From its conception, a VPN was meant to secure a connection that has to transit through a public network (via the internet for example). IT managers’ challenge was to find out the best encryption method that should be applied through this tunnel: they had to choose the protocols to be used as well as the devices that they should put at each endpoint of the VPN tunnel. At this stage, things were dealt with in-house and IT managers had control over both endpoints of the VPN tunnel. Learn about VPN cloud computing.
Infrastructure to the cloud
With the event of cloud computing, things dramatically changed: part of the IT infrastructure has moved to the cloud, thereby introducing a third-party into the equation: IT managers are “losing control” over some part of the infrastructure that they are using: they now have to deal with third-party so as to set up a secure connection in order to access their IT resources in the cloud.
Applications and storage move to the cloud
On the end-user side: applications and storage are also moving from their desktop to the cloud.
At this stage, most cloud computing services (e-mail, file sharing, music listening and other online applications) are using SSL connections. However, for some specific uses (public WI-FI, for example), end-users are opting for third-party VPN solution providers to secure their connection. This is a best practice that has been advised to users for years, for example, back in 2006, Corey O’Donnell from ZDNet advised: “Utilize a VPN whenever possible to encrypt your data.” This illustrates the fact that the use of VPN isn’t something that is new. However, it’s gaining more popularity with cloud computing.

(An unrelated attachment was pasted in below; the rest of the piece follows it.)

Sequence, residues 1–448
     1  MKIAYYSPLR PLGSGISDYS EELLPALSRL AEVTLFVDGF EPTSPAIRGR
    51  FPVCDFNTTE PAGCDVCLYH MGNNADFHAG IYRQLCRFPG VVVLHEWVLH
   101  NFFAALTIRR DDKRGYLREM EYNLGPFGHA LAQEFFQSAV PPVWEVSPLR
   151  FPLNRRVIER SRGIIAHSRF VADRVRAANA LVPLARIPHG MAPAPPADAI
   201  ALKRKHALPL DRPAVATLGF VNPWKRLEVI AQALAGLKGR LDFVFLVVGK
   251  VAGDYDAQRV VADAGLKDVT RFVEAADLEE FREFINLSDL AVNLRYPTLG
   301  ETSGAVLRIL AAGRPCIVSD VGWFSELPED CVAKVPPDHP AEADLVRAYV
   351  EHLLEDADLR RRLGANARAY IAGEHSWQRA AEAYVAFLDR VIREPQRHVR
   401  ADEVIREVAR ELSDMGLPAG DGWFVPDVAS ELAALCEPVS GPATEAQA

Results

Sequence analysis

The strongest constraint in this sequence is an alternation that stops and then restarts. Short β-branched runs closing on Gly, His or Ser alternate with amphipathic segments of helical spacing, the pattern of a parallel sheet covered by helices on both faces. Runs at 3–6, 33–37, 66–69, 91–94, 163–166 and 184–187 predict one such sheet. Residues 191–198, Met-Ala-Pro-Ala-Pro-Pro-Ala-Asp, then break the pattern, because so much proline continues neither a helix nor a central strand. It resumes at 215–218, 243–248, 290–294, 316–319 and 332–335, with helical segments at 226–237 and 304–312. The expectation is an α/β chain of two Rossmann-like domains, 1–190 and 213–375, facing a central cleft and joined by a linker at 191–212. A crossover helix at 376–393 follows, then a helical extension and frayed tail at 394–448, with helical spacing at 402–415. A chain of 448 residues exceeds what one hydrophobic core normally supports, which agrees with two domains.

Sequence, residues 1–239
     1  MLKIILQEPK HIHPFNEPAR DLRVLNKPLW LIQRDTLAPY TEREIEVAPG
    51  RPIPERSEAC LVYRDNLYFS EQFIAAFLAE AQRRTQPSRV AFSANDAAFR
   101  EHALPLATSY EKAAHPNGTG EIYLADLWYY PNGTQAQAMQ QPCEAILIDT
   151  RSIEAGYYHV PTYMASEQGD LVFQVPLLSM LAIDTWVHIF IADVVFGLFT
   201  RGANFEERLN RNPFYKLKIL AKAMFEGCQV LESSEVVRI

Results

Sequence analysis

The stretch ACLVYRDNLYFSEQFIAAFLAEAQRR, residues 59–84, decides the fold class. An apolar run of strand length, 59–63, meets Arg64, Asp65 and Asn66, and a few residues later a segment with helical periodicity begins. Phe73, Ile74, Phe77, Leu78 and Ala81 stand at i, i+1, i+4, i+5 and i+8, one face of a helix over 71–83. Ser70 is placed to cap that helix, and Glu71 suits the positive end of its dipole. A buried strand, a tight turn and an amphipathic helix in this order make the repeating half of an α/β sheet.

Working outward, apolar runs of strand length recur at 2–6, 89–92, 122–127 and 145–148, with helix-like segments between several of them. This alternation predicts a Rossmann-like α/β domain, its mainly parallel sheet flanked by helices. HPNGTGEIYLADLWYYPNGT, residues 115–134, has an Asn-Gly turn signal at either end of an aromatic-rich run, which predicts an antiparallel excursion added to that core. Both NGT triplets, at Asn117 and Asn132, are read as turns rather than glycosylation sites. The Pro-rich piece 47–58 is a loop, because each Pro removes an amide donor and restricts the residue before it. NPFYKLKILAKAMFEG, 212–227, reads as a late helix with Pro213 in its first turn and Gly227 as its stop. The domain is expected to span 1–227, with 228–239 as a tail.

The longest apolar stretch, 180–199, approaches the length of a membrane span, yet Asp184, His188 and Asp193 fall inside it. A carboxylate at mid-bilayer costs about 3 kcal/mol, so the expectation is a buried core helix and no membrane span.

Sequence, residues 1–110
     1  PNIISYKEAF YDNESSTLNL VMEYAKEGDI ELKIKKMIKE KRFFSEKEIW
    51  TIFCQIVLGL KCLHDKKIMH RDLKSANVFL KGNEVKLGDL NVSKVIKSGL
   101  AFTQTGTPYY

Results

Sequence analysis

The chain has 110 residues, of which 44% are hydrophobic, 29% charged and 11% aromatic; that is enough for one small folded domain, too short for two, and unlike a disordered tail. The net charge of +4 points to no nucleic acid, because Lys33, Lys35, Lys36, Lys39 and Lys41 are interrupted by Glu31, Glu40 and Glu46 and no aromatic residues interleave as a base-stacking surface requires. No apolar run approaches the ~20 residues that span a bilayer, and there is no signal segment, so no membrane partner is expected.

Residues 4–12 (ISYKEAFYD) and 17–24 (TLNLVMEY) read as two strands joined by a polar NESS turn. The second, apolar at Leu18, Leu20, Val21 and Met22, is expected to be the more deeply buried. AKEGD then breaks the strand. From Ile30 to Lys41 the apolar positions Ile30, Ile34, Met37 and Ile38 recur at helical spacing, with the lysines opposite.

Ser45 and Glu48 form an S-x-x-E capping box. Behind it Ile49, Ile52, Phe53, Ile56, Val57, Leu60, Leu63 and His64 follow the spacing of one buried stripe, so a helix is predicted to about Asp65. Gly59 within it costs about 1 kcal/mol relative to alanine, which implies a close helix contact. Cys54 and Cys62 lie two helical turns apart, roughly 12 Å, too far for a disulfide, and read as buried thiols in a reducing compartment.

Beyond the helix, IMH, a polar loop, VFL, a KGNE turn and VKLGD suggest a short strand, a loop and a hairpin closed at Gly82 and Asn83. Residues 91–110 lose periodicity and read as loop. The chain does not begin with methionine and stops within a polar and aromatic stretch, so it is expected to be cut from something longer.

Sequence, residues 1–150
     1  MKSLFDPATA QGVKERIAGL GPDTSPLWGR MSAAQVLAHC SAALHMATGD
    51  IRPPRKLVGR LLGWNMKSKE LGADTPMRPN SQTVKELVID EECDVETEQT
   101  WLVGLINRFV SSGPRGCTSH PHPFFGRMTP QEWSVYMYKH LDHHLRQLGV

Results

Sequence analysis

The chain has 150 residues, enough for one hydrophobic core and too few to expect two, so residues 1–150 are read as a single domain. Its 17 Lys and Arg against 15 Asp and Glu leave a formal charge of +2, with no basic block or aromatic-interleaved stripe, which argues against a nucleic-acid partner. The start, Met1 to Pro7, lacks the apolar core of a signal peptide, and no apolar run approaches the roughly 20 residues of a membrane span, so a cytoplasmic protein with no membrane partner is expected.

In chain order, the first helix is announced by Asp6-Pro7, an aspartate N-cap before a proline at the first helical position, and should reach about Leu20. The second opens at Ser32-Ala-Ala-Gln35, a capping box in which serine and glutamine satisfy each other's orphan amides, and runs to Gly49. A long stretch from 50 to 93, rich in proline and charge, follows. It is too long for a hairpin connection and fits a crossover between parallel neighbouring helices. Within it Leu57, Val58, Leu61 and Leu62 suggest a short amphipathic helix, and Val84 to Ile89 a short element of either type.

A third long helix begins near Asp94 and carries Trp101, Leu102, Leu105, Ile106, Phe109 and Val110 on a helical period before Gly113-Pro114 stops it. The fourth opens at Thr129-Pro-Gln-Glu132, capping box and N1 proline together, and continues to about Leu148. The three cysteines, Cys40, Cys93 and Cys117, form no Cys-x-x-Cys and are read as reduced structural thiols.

Another increasingly popular use of VPN is to override geolocation-limited online services. Sites like Hulu, Spotify, Google Music or others only allow viewers from specific countries to access their services: VPN service is mainly used here for “borrowing” an IP address from authorized countries. The same principles are also used to overcome internet censorship that some countries are applying.
VPN as a standard feature
While cloud computing is gaining more interest from users, it is expected that encryption would also become more popular. And this is where a VPN solution is set to be a standard feature. While there are many VPN implementations, we can safely say that as of the time of writing, IPSec seems to be the most widely accepted option for connecting to the cloud. But within the VPN cloud computing, there are more and more implementations of OpenVPN.
An example from the music industry
If we consider the music industry, for example, the trend is to host and stream your music from the cloud. Music discovery services are already making this feature popular, and they often provide you with a specific application for accessing your music online. Most of the time, those applications are already coming with some kind of encryption built-in. This particularly applies to end-user consumer. But if we consider the corporate consumer, it is mainly accepted that the company will use some kind of VPN solution to access resources from the cloud.
At this pace, the concept of VPN cloud computing will also become a commodity in this online era.
What’s your view on the relationship between VPN and cloud computing? Feel free to share it in the comment system.